Poynton Fire Station History

The Poynton Fire Brigade was formed in December 1955 with 13 people from the local area being recruited to staff a fire engine to protect the village. A small building was erected behind the Poynton School, off Park Lane.

Records show that a large number of grass fires, house fires, barn fires and chimney fires made up the majority of the calls.

When required the "firemen", as they were known then, were alerted by the sounding of an old WWII air raid siren. They then responded from their place of work in the village or their homes to the fire station to man the pumps.

Sub Officer Norman Moss was the first officer at Poynton, serving from December 1955 to February 1983. He led the brigade to a new fire station and the introduction of bells in the firemen's houses to alert them to a call.

Years later, pocket alerters were introduced. This saw the end to the air raid siren which woke half of Poynton every time there was a call.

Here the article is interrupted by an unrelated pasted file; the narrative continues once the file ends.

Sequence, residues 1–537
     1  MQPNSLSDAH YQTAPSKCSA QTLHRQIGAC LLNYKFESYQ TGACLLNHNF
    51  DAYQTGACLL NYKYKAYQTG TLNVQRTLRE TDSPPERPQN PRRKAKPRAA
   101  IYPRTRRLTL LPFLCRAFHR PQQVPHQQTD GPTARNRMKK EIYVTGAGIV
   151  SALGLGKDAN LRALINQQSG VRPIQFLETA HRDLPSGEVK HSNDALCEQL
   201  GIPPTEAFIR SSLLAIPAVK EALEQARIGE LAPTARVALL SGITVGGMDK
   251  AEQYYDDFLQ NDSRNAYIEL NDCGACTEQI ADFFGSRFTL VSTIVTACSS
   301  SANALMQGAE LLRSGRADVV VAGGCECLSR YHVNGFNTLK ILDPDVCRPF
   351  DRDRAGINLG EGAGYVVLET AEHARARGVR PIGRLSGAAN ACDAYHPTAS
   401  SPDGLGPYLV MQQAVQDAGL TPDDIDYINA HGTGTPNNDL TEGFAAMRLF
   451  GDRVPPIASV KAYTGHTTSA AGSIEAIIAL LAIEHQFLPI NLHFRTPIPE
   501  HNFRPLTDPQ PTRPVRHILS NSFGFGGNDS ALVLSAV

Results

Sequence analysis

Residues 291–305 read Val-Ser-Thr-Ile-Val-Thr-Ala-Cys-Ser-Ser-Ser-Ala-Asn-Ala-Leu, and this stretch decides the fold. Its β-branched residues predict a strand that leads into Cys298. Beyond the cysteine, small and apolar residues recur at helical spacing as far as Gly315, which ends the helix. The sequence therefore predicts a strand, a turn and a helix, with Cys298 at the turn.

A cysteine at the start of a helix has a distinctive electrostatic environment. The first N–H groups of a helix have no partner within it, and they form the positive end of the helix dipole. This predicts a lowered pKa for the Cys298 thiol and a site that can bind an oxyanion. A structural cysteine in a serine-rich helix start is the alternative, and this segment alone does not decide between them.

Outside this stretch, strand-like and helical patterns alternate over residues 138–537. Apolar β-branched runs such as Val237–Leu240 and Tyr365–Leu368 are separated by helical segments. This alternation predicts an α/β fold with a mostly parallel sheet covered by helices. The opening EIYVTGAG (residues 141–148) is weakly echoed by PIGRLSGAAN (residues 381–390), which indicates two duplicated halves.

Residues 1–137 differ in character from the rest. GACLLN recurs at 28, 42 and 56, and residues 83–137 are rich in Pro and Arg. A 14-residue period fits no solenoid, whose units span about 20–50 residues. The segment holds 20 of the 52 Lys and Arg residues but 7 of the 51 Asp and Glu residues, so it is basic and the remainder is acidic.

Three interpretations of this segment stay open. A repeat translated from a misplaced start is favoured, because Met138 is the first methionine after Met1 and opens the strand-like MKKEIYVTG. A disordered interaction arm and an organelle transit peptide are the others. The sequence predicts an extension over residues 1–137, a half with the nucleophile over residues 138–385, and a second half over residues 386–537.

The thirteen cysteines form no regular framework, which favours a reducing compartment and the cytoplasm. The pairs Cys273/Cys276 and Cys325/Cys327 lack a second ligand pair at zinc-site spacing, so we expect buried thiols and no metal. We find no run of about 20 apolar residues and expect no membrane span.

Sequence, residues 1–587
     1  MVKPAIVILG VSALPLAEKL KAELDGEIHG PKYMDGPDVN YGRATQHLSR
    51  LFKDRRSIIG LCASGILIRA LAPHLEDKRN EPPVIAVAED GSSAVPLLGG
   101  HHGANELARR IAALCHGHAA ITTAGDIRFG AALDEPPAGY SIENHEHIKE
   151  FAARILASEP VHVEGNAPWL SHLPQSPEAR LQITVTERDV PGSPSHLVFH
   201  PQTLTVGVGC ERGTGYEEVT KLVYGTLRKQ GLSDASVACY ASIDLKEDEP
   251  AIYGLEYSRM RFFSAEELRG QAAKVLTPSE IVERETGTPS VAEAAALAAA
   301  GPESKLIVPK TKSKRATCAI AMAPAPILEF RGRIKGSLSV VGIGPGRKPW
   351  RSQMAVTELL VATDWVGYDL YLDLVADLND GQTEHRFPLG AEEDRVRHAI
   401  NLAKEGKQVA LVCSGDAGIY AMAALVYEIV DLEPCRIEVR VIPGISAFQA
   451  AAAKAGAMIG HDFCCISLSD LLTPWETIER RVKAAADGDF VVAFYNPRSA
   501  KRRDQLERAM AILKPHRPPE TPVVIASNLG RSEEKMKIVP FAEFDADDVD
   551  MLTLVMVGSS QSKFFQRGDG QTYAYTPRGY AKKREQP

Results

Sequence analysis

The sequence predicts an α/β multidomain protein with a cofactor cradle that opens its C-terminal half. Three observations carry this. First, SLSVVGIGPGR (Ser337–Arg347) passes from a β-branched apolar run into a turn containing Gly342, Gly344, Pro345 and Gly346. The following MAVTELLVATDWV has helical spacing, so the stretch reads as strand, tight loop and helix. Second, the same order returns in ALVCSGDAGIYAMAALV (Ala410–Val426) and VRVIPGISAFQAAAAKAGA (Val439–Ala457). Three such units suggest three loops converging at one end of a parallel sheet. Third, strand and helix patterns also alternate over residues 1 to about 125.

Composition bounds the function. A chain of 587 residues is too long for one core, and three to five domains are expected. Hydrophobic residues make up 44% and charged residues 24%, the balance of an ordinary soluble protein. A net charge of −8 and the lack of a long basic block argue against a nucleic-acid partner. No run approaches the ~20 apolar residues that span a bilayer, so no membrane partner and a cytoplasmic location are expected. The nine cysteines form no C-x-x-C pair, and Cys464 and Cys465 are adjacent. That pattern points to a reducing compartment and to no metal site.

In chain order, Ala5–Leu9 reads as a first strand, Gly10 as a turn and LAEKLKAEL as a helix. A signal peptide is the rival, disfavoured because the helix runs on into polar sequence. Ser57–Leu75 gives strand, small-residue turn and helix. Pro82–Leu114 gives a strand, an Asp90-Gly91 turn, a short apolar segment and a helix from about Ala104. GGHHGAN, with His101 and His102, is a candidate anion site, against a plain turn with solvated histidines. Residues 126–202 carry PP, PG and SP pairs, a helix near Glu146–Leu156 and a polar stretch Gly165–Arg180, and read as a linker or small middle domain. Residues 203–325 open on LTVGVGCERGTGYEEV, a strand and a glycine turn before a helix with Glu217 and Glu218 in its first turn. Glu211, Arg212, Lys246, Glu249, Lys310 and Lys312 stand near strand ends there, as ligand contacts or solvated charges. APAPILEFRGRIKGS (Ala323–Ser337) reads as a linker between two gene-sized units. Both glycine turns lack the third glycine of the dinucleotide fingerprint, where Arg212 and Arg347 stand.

The fire brigade then turned a corner in the new millennium, and became Cheshire Fire & Rescue Service as it is today. The firemen became firefighters and the days of the retained firefighter just turning up to man a pump and do his best were over.

The fire service in Poynton now consists of a group of highly trained, dedicated men and women. All are trained to a very high standard, and the equipment carried is second to none. The new station was 40 years old in 2008 and, since the formation of Poynton Fire Brigade in 1955, almost 100 people have served at Poynton fire station.

Last updated: Tuesday 12 January 2016